Business Ethics

Ethical Issues and Risks in Business

Risks for Organizations Engaging in Unethical Behavior

Businesses engaging in unethical behavior risk fines, layoffs, lawsuits, reparation of damages, decreased investor confidence, decreased employee morale, and economic destabilization. Examples of these consequences can be seen in subprime mortgages and the housing crisis.

Unethical behavior may create short-term profits, but the long-term consequences can be vast. The behavior may subject the organization to fines or reparation of damages (money or action to make amends for a wrong) imposed by a legal authority or regulatory agency, such as the Food and Drug Administration or the Environmental Protection Agency. Customers may boycott the organization, resulting in a decrease of sales and profits. This decrease in profit can affect the organization's stock price, which also affects whether future stakeholders will want to invest in the organization and whether current stakeholders will continue to support the organization.

An organization also risks losing valuable employees if it behaves unethically. An employee of an organization engaging in unethical behavior can remain loyal to the organization, exit, voice their concern to the organization, or describe the unethical behavior to a news media outlet or government agency.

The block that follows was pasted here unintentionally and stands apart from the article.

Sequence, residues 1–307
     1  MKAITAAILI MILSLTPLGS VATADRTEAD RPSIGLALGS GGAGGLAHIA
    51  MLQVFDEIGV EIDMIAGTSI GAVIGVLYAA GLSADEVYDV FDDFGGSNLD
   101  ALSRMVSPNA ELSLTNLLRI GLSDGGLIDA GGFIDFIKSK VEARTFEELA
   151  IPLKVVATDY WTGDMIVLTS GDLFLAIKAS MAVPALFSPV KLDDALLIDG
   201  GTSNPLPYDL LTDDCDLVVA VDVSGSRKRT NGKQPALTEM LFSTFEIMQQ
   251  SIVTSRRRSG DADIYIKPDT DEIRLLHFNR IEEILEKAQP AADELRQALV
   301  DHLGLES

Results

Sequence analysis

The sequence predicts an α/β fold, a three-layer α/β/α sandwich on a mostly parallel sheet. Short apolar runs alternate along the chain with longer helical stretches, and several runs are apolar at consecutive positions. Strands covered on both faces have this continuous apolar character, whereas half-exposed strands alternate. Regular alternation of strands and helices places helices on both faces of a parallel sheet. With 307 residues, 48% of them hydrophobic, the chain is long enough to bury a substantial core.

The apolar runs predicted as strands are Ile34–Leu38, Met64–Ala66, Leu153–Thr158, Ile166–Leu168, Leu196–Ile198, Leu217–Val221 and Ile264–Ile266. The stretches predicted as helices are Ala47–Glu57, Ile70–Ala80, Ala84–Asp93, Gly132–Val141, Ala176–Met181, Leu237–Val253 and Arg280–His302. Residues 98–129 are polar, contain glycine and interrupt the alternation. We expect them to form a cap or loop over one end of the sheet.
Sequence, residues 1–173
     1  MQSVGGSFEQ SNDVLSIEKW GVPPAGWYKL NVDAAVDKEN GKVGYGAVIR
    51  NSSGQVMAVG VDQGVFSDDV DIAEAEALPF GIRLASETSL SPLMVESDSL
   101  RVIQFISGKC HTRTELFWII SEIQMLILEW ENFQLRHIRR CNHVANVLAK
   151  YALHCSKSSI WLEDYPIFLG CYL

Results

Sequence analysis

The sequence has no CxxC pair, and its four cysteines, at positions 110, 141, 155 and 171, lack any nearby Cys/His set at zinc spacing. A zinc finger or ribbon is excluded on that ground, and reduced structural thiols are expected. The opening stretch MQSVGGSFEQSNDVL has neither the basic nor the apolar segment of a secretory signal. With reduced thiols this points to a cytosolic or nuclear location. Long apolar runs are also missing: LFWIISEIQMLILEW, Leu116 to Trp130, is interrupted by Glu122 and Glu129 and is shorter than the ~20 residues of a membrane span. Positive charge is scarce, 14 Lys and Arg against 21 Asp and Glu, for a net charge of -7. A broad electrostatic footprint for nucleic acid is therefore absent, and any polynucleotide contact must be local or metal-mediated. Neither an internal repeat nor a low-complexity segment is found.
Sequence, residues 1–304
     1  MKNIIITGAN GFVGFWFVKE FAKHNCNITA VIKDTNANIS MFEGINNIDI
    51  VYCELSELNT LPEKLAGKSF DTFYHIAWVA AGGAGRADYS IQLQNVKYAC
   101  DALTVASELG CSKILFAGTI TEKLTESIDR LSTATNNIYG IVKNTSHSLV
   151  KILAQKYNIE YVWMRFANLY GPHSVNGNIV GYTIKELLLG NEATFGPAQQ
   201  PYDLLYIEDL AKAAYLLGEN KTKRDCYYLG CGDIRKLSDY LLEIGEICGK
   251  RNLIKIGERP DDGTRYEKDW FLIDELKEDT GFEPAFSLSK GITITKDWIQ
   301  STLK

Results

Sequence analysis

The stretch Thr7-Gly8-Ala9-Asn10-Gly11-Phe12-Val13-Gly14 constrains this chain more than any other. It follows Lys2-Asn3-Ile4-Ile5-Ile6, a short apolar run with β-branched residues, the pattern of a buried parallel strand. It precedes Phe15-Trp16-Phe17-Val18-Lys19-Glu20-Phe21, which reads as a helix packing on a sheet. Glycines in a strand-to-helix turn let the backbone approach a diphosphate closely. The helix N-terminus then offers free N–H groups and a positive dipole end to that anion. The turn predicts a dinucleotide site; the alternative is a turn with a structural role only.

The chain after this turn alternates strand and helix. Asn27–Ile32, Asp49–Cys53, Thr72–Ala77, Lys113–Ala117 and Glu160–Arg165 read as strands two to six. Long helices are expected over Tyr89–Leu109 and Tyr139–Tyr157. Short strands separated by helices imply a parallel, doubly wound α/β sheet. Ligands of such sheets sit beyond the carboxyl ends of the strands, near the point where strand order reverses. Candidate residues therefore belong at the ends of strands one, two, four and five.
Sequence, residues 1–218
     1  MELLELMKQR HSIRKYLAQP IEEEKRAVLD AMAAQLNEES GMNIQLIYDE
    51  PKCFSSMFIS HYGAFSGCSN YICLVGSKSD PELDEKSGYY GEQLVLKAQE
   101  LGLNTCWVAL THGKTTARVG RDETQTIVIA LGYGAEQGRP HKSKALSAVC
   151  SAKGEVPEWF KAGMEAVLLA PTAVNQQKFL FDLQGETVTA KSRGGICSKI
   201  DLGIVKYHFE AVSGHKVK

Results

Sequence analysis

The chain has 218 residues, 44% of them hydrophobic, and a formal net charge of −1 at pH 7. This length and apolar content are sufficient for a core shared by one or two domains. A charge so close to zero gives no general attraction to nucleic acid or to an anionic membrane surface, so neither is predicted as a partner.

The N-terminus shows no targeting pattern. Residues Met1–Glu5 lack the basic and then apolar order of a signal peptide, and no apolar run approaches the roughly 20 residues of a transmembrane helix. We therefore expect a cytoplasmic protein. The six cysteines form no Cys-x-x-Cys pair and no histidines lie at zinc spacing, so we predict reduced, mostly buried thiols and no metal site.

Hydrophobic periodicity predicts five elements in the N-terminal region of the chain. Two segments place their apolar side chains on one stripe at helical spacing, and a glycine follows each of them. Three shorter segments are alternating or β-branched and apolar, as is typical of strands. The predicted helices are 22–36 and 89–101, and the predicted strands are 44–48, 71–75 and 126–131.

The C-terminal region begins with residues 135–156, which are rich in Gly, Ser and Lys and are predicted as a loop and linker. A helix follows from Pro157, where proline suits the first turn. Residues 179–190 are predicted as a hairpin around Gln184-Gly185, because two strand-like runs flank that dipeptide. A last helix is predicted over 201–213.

Employees may remain loyal because they want to keep their jobs and feel they are part of the organization. However, if employees are making or observing decisions that make them uncomfortable, their ethical principles may cause them to examine the situation. Another option is for the employee to exit. This can involve the employee leaving the organization or just removing themselves from the unethical situation. Last, the employee can voice a concern and help provide alternative practices—either by sharing concerns with management or with a news agency or governmental unit.

The risks of an organization engaging in unethical behavior can be seen in the subprime mortgage crisis beginning in 2007, when unverified income for home loans enabled people to borrow debt beyond their ability to pay when mortgage interest rates rose. This created the housing crisis. A subprime mortgage is normally issued by a lending institution to borrowers with low credit ratings. Borrowers expected that they could always sell a house for more than they paid, simply because trends indicated that the value of homes steadily increased over time. Mortgage lenders issued mortgages without verifying the borrower's financial information or the true value of the home and provided subprime mortgages at high interest rates to customers who had poor credit. At times, lenders encouraged loans that they knew the borrowers could not repay. When the housing market crashed, many homeowners were unable to pay back their loans. Banks pursued foreclosures, causing housing prices to fall further.

In response to the subprime mortgage crisis and the housing crisis, Congress amended the Truth in Lending Act (TILA), which prohibits unfair, abusive, or deceptive home mortgage lending practices. The Consumer Financial Protection Bureau established criteria in accordance with the act for lenders to determine whether the borrower can afford to repay the loan. A borrower's debt cannot exceed 43 percent of their income, up-front fees are limited to three percent, and rapidly rising "balloon payments," or large one-time payments due at the end of a loan period, are restricted.